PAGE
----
By Mili Jayadeep | Science Editor
Biomaterials are substances used in the body to interact with tissue. They can either be natural or engineered to cooperate with biological systems. Therefore, its wide application in medicine ranges from uses in heart valves, pacemakers, joint parts and even prostheses.
A team of researchers at the University of Bayreuth have engineered new biomaterials with spider silk proteins using nano-structures. The team led by Professor Dr. Thomas Scheibel has developed this material with great promise for use in biomedicine.
Their research published in the journal, ‘Materials Today’ shows that this biomaterial decreases the chance of infection while encouraging tissue regeneration in its application. This makes the materials suitable for wounds, implants or in prosthetics among other uses. Prof. Dr. Scheibel seems optimistic for the future application of the biomaterial:
“…Nature has once again proven to be the ideal role model for highly advanced material concepts. Natural spider silk is highly resistant to microbial infestation and the reproduction of these properties in a biotechnological way is a break-through,”
Previously used novel biomaterials can often lead to the development of fatal infections. These materials can be susceptible to pathogens, which can result in the formation of thick biofilms caused by the growth of a collective of microbes such as bacteria and fungi. The biofilm may not be seen,is often difficult to clear and can hinder the healing process. Antibiotics and antimycotics used to clean it prove useless to the already resistant pathogens forming the biofilm. Hence, this develops into uncontrollable infections as the micro-organisms spread to the body tissue surrounding the biomaterial.
The research conducted by the scientists at the University of Bayreuth offers an alternative method of preventing an infection altogether caused by an otherwise essential biomaterial. The material has been created using engineered spider silk proteins that are hostile to microbial adhesion. This can be particularly useful in preventing dangerous MRSA infections that are caused by pathogens resistant to multiple drugs.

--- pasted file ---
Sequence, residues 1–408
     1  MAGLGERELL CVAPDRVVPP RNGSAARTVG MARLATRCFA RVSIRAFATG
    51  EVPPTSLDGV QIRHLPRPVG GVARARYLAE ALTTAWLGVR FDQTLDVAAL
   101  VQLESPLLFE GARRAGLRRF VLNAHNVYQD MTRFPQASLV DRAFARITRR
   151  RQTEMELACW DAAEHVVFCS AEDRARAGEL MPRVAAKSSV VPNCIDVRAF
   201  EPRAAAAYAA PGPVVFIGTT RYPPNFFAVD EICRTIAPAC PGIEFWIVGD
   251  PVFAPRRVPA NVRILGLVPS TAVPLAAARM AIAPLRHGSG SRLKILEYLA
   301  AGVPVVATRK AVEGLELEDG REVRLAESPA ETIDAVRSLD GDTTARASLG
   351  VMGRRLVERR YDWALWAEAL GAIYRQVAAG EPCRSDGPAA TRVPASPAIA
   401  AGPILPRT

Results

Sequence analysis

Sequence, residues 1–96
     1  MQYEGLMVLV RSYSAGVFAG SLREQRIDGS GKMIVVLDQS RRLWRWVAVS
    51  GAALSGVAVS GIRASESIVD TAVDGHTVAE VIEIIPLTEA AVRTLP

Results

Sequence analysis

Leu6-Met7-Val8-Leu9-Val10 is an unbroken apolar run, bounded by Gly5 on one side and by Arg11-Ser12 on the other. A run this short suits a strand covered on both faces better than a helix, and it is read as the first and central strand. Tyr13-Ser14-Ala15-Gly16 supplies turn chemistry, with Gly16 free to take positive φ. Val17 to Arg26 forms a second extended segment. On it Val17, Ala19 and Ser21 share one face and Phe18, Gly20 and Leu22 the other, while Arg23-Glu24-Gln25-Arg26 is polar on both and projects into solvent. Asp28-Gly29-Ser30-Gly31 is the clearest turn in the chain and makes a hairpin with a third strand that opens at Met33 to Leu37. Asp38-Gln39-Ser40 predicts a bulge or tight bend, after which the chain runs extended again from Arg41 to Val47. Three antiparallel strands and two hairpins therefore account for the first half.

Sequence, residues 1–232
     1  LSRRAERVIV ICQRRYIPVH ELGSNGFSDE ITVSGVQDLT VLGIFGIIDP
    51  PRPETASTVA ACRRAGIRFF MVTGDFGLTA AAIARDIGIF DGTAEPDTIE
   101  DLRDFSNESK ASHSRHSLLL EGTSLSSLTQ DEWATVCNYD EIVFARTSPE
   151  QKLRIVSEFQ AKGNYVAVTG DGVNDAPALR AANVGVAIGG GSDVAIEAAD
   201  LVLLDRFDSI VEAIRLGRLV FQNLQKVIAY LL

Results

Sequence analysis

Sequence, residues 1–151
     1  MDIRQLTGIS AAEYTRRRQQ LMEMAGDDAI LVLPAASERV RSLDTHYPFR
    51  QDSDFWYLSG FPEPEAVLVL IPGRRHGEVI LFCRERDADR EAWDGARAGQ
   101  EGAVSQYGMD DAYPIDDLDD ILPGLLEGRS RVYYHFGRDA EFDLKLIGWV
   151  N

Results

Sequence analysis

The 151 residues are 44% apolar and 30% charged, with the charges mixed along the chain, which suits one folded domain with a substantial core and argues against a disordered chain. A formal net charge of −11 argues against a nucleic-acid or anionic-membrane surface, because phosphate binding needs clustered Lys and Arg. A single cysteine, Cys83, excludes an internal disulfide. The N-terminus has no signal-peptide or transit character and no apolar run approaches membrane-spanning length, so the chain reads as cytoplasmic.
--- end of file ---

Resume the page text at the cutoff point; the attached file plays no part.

Furthermore, the new biomaterial is compatible with body tissue and successfully facilitates healing. Hence its applications includes dressings for wounds, skin grafts and implants. The scientists have designed the material to repel microbes by the use of a special coating. Prof. Dr. Thomas Scheibel says,
“Our investigations to date have led to a finding that is absolutely ground-breaking for future research work. In particular, the microbe-repellent properties of the biomaterials we have developed are not based on toxic, i.e. not cell-destroying, effects. The decisive factor rather lies in structures at the nanometre level, which make the spider silk surfaces microbe-repellent. They make it impossible for pathogens to attach themselves to these surfaces,”
The biomaterial is specifically engineered to reduce the risk of infection while promoting the body’s natural healing processes. The findings from this study introduces novel approaches for utilising spider silk materials for a variety of biotechnological applications. This breakthrough will likely result in the development of microbe-repelling materials in the near future.Science and Technology Mili Jayadeep